Wednesday: What’s Hot on CanLII

Each Wednesday we tell you which three English-language cases and which French-language case have been the most viewed* on CanLII and we give you a small sense of what the cases are about.

For this last week:

1. R v Villaroman, 2015 ABCA 104

[19] We have trouble seeing that circumstantial evidence could prove guilt where it leaves a reasonable (not remote) possibility that the event occurred in a way not involving the accused. A jury cannot act on an unreasonable inference. It is not necessary that there be actual evidence of that innocent possibility; the onus is on the Crown to disprove it. The well-known Lifchus test confirms that. The trier of fact must find no evidence, and no gap in the evidence, which raises a reasonable doubt. Such gaps include a gap in the evidential support for an inference needed to prove an element of the offence. That is, of course, a factual question for the trier of fact.
(Check for commentary on CanLII Connects)

2. Tammer v Levitt & Grosman LLP, 2015 ONSC 5452

[12] I understand that there are occasions on which clients have a self-interest in asserting that they did not receive an invoice from a law firm: see Fiset v Falconer, [2005] OJ No 4023, at para 48 (SCJ). However, there is nothing to suggest that is the case here. The Plaintiff was very diligent during the course of the litigation in carefully reviewing the interim invoices she received, and there is no reason to think that she would not do the same for the final invoice. The Defendant had deducted the amount of its invoice from the Plaintiff’s settlement funds, so she was already out of pocket for the legal fees; if she were inclined to dispute the invoice, it was to her advantage to expedite the matter rather than to delay it.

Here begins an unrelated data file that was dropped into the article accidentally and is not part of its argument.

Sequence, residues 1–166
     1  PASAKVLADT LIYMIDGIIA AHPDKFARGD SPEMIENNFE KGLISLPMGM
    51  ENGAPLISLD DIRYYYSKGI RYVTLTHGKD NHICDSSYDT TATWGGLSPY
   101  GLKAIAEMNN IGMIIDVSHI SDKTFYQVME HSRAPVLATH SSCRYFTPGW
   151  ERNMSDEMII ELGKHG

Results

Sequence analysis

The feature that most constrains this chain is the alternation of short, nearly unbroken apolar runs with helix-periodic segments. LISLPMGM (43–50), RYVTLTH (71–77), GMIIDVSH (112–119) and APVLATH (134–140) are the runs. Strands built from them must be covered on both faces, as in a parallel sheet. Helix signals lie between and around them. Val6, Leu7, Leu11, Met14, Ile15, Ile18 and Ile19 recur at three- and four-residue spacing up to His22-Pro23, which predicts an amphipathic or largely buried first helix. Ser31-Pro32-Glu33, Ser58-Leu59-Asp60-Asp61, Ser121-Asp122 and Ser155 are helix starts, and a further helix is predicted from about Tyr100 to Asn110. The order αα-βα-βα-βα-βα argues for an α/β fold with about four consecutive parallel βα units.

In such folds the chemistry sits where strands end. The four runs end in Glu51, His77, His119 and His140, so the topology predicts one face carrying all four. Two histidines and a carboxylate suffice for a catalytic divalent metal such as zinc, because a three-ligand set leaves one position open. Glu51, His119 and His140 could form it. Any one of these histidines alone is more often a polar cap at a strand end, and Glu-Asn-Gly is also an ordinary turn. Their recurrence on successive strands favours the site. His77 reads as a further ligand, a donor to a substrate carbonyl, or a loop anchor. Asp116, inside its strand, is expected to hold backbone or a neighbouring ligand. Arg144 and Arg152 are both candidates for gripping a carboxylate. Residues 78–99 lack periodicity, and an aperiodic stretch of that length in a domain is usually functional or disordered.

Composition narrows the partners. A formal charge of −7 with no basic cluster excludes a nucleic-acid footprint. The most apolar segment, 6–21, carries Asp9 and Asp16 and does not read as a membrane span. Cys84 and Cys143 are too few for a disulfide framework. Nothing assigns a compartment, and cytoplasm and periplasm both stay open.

(Check for commentary on CanLII Connects)

3. Levita v Alan Crew et al., 2015 ONSC 5316

[102] While, like all adult recreational hockey leagues, True North professes to be “no contact”, the evidence is clear that contact did happen and was an assumed and expected risk of the game. The style of play in the A division, in which the Buds and the Goldmembers were playing during the incident in question, was high-level and frequently aggressive. Levita, having played in this league for several years, understood the nature of the league and assumed the inherent risk that such injury could occur even in the non-contact recreational league. The physical contact between the players which took place in this game occurred in the course of play and fell within the accepted inherent risks. Insofar as the contact was intentional, Levita impliedly consented to being body-checked in the course of play, even where that body-check might warrant a penalty. Levita’s team were well aware of Crew’s aggressive manner of play and that the sort of contact which did occur could occur. Notwithstanding that fact, they elected to play this game. As a result, I respectively find that no liability should attach to Crew on the basis of an intentional act to cause injury, or negligence.
(Check for commentary on CanLII Connects)

The most-consulted French-language decision was Dobson (Tuteur à l’instance de) c. Dobson, [1999] 2 RCS 753, 1999 CanLII 698 (CSC)

1 La grossesse évoque le mystère de la naissance et de la vie ainsi que la perpétuation et le renouvellement de la race humaine. La relation entre la femme enceinte et le fœtus qu’elle porte est unique et l’importance considérable et particulière qu’elle revêt pour la société est spontanément reconnue. Dans la grande majorité des cas, la femme enceinte déploie tous les efforts possibles pour assurer la santé et le bien‑être de l’enfant à naître. En outre, les sacrifices que la mère consent pour son nouveau‑né sont énormes. Mais que se passe‑t‑il si l’espoir en l’avenir est ruiné par le préjudice que subit le fœtus en raison du comportement négligent de la future mère avant la naissance? Une mère doit‑elle être tenue responsable du dommage causé à son enfant né vivant? C’est la question qu’il faut trancher dans le présent pourvoi.
(Check for commentary on CanLII Connects)

* As of January 2014 we measure the total amount of time spent on the pages rather than simply the number of hits; as well, a case once mentioned won’t appear again for three months.

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